greenpalm

Yesterday I said today that I would be giving solutions, but it turns out that I have solutions and some more problems. So sorry about.

I found a company called GreenPalm. It says this on their website:

GreenPalm is a company set up to promote the production of sustainable palm oil. It operates a certificate trading system. Palm oil producers who have invested in sustainable practices can earn extra revenue by selling GreenPalm certificates. By buying the certificates, retailers, food companies and other end users are actively supporting and encouraging sustainable palm oil production.

How does GreenPalm work to protect the environment?

GreenPalm is a completely new approach to tackling the problems caused by a complex international industry. A straightforward, flexible and easily implemented system, it will start driving improvements immediately.

Supported by RSPO, GreenPalm guarantees a financial premium to producers who can prove they are environmentally and socially responsible, who are not destroying primary forest, and who develop plans to continually improve their operations. And because it works through the existing supply chain, it safeguards millions of palm oil jobs in some of the world’s poorer regions.

GreenPalm’s ultimate aim is to put itself out of business by ensuring all the world’s palm oil supplies are sustainable. But in the future this innovative and simple system could be adapted to help other global businesses towards sustainability.”

http://greenpalm.org/en/the-market/registered-certificate-owners This link will also take you to their certified organizations. This association is based in the UK, so I’m not sure is any of their products are sold in the U.S. I didn’t recognize any of the names.

GreenPalm is endorsed by RSPO(Roundtable on Sustainable Palm Oil). It’s a not-for-profit association that unites stakeholders from seven sectors of the palm oil industry – oil palm producers, palm oil processors or traders, consumer goods manufacturers, retailers, banks and investors, environmental or nature conservation NGOs and social or developmental NGOs – to develop and implement global standards for sustainable palm oil.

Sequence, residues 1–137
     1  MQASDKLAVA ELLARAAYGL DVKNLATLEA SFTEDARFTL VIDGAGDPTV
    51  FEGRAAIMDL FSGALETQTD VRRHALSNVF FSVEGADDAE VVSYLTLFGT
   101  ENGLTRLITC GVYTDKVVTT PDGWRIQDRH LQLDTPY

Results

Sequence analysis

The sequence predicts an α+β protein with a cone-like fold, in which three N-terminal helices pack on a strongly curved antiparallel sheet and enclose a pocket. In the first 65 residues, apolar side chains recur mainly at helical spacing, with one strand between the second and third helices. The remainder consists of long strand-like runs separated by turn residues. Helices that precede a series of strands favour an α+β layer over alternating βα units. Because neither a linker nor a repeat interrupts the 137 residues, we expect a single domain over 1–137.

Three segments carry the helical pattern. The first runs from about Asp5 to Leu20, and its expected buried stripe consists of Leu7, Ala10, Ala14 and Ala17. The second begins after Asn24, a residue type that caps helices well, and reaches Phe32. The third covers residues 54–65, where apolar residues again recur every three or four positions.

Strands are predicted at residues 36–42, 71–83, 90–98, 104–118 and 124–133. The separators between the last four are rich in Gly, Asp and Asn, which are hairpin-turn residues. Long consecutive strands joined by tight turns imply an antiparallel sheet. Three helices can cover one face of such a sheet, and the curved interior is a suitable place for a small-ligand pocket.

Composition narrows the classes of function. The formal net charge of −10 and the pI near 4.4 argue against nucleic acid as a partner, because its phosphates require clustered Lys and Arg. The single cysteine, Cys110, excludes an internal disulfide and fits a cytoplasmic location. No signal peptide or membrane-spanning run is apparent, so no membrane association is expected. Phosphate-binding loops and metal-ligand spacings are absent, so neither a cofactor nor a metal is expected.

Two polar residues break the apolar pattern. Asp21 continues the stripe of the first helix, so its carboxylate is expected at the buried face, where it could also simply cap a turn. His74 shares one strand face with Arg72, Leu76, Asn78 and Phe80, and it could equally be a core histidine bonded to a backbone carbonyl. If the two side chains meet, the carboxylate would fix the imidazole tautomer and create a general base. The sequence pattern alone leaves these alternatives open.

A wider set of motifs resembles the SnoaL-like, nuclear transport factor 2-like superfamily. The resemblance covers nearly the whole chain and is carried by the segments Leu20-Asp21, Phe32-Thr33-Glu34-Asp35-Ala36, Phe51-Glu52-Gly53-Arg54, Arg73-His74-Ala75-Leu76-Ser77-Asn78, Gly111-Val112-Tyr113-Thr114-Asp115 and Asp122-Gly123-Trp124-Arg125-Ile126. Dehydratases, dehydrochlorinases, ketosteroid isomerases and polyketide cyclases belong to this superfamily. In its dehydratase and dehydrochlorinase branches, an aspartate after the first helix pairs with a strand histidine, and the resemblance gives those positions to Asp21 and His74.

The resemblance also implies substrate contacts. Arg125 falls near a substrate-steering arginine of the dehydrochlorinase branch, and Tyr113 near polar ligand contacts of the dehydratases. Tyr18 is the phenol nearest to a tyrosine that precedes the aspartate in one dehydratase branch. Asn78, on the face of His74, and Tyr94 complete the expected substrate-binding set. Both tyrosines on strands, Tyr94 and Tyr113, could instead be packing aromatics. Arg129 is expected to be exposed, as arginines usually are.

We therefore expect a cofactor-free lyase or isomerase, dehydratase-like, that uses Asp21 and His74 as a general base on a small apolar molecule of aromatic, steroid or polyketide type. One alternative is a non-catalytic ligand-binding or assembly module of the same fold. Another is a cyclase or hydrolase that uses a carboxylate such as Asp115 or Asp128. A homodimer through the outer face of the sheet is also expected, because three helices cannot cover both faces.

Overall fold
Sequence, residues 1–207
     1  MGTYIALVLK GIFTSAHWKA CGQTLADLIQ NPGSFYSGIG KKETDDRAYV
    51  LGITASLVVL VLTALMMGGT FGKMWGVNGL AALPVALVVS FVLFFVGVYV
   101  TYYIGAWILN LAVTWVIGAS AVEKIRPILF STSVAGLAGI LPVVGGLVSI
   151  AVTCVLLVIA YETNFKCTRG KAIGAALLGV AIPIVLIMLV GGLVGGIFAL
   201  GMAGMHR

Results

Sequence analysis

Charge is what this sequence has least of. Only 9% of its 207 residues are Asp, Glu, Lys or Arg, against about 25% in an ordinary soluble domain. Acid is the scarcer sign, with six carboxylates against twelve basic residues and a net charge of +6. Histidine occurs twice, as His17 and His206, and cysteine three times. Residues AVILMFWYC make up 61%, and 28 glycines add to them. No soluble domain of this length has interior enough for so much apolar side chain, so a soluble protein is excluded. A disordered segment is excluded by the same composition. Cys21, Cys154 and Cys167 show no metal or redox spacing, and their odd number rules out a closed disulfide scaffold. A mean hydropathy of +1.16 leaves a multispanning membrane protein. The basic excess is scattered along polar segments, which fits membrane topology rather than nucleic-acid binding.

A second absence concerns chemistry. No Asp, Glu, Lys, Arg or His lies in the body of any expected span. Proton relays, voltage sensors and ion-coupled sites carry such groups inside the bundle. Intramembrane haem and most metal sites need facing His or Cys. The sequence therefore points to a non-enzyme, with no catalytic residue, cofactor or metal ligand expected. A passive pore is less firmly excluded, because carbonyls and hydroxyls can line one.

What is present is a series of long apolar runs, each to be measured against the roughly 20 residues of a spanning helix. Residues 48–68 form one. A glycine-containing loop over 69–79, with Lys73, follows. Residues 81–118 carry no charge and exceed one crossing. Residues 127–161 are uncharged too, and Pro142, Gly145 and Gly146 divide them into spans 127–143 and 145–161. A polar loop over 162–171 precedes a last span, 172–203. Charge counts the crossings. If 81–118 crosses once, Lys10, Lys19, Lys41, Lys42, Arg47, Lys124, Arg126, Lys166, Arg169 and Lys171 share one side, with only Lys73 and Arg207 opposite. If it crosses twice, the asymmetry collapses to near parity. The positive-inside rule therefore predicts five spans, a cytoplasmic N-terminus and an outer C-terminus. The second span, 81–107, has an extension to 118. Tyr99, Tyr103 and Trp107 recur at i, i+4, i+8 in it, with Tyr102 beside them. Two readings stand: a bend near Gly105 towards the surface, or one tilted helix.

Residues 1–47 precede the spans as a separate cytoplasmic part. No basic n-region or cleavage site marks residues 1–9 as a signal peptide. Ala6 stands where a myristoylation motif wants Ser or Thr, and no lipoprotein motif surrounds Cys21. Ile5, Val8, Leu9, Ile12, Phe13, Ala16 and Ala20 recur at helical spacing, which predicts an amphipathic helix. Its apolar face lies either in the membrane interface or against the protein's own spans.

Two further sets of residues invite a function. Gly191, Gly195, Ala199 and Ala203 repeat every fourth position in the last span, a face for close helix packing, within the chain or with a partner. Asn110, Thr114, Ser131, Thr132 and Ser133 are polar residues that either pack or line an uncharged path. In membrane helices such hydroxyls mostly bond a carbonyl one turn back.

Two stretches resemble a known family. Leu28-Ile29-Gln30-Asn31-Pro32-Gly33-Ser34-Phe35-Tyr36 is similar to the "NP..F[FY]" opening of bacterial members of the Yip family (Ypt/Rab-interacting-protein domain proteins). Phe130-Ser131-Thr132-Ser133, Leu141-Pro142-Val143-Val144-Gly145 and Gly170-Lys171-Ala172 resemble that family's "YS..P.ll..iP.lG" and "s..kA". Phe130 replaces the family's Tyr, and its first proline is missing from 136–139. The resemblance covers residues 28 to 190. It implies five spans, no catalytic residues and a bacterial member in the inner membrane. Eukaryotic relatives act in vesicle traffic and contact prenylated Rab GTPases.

There is a difference between a membership and being certified or registered.

“Step 1 is membership of the RSPO. By becoming a member, a company pledges to work towards producing or using only certified sustainable palm oil, which takes time. Many companies have said they will get there by 2015, but all of those pledges together require far more certified sustainable palm oil than what can now be supplied. So today, only part of their palm oil is certified as sustainable.

Step 2 is the final step: certification of (all) palm oil production or processes in the palm oil supply chain. Certification involves visits by third-party auditors who check units of the company against all the RSPO criteria. Only companies that pass this test can sell RSPO-certified palm oil or other palm products.”

http://www.rspo.org/en/frequently_asked_questions

Approximately 60% of the palm oil we consume has been further processed into a palm oil ‘derivative’ ‘split’ or fractionated into palm oil derivatives; before it is incorporated into the products we buy from the supermarket.

Another 20% is processed for the second time.

The problem isn’t with the palm oil itself. It’s how and where it’s produced. In order to make enough, thousands of miles of rainforests need to be cleared out. It destroys habitats and the biodiversity that forests are known for. According to http://www.americanpalmoil.com/environmental.html (which promotes palm oil and is not an environmental advocate)

“60% of Malaysia’s land mass consists of forests, including some of the world’s oldest virgin forests. Only 20% of Malaysia’s land mass is under agricultural cultivation, with less than 2/3 of that dedicated to oil palm plantations. Moreover, the expansion of plantations has only utilized lands formerly used to grow rubber, cocoa or coconut, rather than forest land.”